A critically endangered species of agarwood, which has been elusive for more than 100 years, has resurfaced.
The Aquilaria rostrata was first discovered in 1911 and was thought to be native only to Wray’s Camp in Taman Negara, Pahang.
Since then, nobody had spotted the elusive agarwood species.
However, two Forestry Department rangers found what they suspected to be the elusive species in April last year in Besut, Terengganu, some 100km away from where it was first discovered.
Their suspicion was soon confirmed by a research team in Universiti Putra Malaysia (UPM) led by associate professor Dr Rozi Mohamed.
“At first, we thought that it was a new species but after making comparisons with a 100-year-old specimen at Herbarium Botanic Gardens in Singapore, we discovered that it was the Aquilaria rostrata,” she said in a statement.
Dr Rozi, who published her agarwood findings in Blumen, an international journal on plant taxonomy, said the tree was found among felled timber in an area of about 700m above sea level.
“It is not available anywhere else but only in peninsular Malaysia and is in danger of extinction,” she said.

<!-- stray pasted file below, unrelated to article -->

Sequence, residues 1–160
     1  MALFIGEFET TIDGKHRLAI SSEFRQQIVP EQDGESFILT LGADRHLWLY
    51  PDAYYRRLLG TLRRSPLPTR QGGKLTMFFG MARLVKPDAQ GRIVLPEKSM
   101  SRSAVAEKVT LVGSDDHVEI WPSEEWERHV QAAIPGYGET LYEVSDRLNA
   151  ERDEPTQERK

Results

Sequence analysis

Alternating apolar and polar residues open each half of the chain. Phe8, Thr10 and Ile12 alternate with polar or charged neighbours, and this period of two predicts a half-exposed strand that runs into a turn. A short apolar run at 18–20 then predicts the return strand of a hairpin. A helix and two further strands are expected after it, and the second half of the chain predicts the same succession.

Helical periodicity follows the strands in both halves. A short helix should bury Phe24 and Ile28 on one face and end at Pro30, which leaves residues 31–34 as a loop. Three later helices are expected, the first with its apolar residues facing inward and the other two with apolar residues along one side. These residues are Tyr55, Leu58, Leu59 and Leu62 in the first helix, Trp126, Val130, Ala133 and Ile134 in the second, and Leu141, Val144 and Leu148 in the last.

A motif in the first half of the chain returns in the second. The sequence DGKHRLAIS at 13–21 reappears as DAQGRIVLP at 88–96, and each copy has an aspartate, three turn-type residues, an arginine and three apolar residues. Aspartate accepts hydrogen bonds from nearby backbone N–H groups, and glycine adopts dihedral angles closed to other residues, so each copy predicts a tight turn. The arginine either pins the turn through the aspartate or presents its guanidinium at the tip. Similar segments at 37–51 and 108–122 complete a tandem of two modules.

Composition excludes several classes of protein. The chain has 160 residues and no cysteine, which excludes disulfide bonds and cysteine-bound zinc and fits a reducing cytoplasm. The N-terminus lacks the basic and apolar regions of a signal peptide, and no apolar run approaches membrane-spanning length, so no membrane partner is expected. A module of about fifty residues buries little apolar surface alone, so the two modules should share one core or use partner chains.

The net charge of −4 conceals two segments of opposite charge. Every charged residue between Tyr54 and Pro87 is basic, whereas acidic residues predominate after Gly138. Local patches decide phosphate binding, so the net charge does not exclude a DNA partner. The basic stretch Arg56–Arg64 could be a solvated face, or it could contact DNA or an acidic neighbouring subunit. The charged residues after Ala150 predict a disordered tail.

Some 50 of the same species were found in the same area, ranging between 2m and 5m in height. The trees were flowering and bore fruits. They were not cut down when found.
UPM Forestry Management Department head associate professor Dr Mohd Nazre Saleh said the rediscovery of Aquilaria rostrata was significant to floristic records everywhere.
“More so now because the agarwood species was discovered somewhere else from where it was originally found,” he told The Star.
Dr Mohd Nazre said this particular agarwood tree was “extremely rare” and was one of the species protected under the Convention on International Trade in Endangered Species of Wild Fauna and Flora.
He called for more conservation efforts to “protect and preserve” the agarwood tree from being exploited.
Dr Rozi, whose agarwood study was funded by the Higher Education Ministry’s Fundamental Research Grant, also agreed that the species should be safeguarded from “unscrupulous quarters out to get hold of agarwood”.
Aquilaria rostrata was first discovered in 1911 by H.N. Ridley, with the findings published in 1924.
The species is listed as critically endangered under the International Union for the Conservation of Nature Red List and is believed to have declined due to the high demand for agarwood.